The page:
Till Dawn With The Devil
by Alexandra Hawkins
(St. Martinís, $7.99, PG-13) ISBN 978-0-312-38125-7
Till Dawn with the Devil is the second book in Alexandra Hawkins Lords of Vice series, which will be popular because of its very likeable group of male leads.

This is Reignís story. Gabriel ďReignĒ Housely is the Earl of Rainecourt, but his lofty title has brought him no happiness. He is rumored to have killed his wife Beatrice some years ago, a story perpetuated by his former in-laws. His family had also been whispered about for years, with suspicious circumstances, insanity and murderous tales surrounding their name. Reignís adopted his friends, who have nicknamed themselves the Lords of Vice, as his family and Hawkins thoroughly illustrates the menís bond in this story.

Reign attends a boring society ball to placate his friends, and there he meets the beautiful Lady Sophia. Reign dances her out to the terrace, where he learns that the object of his newfound affection is nearly blind, having been in an accident as a child. Reign is moved by her plight and kisses her, only to be torn away, being caught by Lady Sophiaís very angry brother, the Earl of Ravenshaw. While Sophia had quickly figured out who Reign was, he didnít know that his dance partner was the daughter of the couple that his father had supposedly murdered in cold blood before taking his own life. Reignís very surprised that Sophia continued their association after knowing who he was, and heís intrigued.

Sophia wonders about Reign after meeting him, but soon she learns that her brother has done a poor job as Earl, and their family finances are in the toilet. Sheís to be married to a gentleman sheís never met in exchange for money. Reign swoops in to save Sophia after hearing the rumors, and they are married by special license.

Reign decides to bring Sophia back to his ancestral home, knowing full well that itís the place that Sophia received her nearly blinding injury, and lost her parents. He then leaves her to seek out her irate brother. Sophiaís bothered by Reignís behavior and by her own unfounded suspicion that the estate might be haunted. Will these two come together even with the pile of issues between them?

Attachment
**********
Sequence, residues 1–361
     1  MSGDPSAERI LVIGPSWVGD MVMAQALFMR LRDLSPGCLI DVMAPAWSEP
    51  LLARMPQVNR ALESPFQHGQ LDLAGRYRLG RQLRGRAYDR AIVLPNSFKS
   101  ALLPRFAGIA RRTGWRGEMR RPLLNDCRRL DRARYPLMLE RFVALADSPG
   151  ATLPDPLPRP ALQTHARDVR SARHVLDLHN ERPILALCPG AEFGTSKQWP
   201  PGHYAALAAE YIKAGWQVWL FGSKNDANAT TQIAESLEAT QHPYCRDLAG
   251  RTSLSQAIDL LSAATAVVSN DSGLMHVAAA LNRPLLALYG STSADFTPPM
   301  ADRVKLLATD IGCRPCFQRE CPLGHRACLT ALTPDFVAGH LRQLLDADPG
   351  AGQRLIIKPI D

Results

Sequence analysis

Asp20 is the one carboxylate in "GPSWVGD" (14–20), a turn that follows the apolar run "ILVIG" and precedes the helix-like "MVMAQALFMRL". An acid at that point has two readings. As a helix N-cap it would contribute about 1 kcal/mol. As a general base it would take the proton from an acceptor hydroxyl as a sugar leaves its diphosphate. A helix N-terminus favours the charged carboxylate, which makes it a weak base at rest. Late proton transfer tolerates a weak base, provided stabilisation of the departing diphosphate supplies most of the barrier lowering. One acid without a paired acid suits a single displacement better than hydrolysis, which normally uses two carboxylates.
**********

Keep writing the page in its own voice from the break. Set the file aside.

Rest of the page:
Till Dawn with the Devil had its good and bad points, which is why it finished with a strong three heart rating.

The good: Reign is delicious, a perfect bad guy type of hero, oozing catch-me-if-you-can sexuality while being a good friend, and an honest type of husband. Having been through a bad marriage, he seems remarkably rational, not bitter about attempting to start over again. However, he also knows when he comes across as inattentive, insensitive and even occasionally as a bully. While this points to his honest character, this portion of him is not particularly attractive. Also, kudos to Hawkins for writing a less than physically divine heroine. Though itís frequently noted that Sophia is beautiful, itís lovely to have a heroine with physical limitations who doesnít pity herself. The parts of the story where the Lords of Vice got together were particularly amusing, their banter reminded me of brothers who love each other but canít help but harass one another when the perfect opportunity presents itself.

The bad: Sophia is incredibly naÔve, she almost seems dull witted at some moments, while not all the time. Her association with Reign in the beginning is laughable as their connection is nonexistent before their wedding, and afterwards his treatment of her at times would hardly lend itself to falling in love. Also, the business of their families shared history is addressed in detail but it was all muddled up, and hard to understand. I never really did get what really happened.

While there are undoubtedly fans of the Lords of Vice, Hawkins isnít doing much to attract new readers aside from writing interesting male characters. While I liked this book, I wonít be waiting with bated breath for the next installment.

--Amy Wroblewsky

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